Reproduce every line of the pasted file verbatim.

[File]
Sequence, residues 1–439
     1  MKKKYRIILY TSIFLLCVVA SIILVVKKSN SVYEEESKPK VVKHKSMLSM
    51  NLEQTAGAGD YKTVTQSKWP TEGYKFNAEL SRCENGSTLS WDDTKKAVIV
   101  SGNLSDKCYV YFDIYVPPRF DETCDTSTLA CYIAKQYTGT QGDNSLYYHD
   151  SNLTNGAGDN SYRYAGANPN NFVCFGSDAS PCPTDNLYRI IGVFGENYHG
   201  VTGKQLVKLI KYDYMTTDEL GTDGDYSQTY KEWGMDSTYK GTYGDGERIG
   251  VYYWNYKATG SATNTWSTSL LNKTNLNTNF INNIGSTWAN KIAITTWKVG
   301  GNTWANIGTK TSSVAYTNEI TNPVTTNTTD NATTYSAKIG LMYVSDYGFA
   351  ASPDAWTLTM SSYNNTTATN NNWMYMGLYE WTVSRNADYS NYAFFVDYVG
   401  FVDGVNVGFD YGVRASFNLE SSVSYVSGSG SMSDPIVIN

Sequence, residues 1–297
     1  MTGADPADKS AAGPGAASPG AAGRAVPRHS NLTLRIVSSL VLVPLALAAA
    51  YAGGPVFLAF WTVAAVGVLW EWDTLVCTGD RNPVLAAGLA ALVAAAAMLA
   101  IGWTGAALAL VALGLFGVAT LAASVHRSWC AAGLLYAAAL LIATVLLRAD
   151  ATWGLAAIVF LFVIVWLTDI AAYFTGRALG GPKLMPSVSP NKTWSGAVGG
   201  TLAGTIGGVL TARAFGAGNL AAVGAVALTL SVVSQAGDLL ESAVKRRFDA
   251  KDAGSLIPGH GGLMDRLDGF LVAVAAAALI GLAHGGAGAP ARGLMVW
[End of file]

Sequence, residues 1–439
     1  MKKKYRIILY TSIFLLCVVA SIILVVKKSN SVYEEESKPK VVKHKSMLSM
    51  NLEQTAGAGD YKTVTQSKWP TEGYKFNAEL SRCENGSTLS WDDTKKAVIV
   101  SGNLSDKCYV YFDIYVPPRF DETCDTSTLA CYIAKQYTGT QGDNSLYYHD
   151  SNLTNGAGDN SYRYAGANPN NFVCFGSDAS PCPTDNLYRI IGVFGENYHG
   201  VTGKQLVKLI KYDYMTTDEL GTDGDYSQTY KEWGMDSTYK GTYGDGERIG
   251  VYYWNYKATG SATNTWSTSL LNKTNLNTNF INNIGSTWAN KIAITTWKVG
   301  GNTWANIGTK TSSVAYTNEI TNPVTTNTTD NATTYSAKIG LMYVSDYGFA
   351  ASPDAWTLTM SSYNNTTATN NNWMYMGLYE WTVSRNADYS NYAFFVDYVG
   401  FVDGVNVGFD YGVRASFNLE SSVSYVSGSG SMSDPIVIN

Sequence, residues 1–297
     1  MTGADPADKS AAGPGAASPG AAGRAVPRHS NLTLRIVSSL VLVPLALAAA
    51  YAGGPVFLAF WTVAAVGVLW EWDTLVCTGD RNPVLAAGLA ALVAAAAMLA
   101  IGWTGAALAL VALGLFGVAT LAASVHRSWC AAGLLYAAAL LIATVLLRAD
   151  ATWGLAAIVF LFVIVWLTDI AAYFTGRALG GPKLMPSVSP NKTWSGAVGG
   201  TLAGTIGGVL TARAFGAGNL AAVGAVALTL SVVSQAGDLL ESAVKRRFDA
   251  KDAGSLIPGH GGLMDRLDGF LVAVAAAALI GLAHGGAGAP ARGLMVW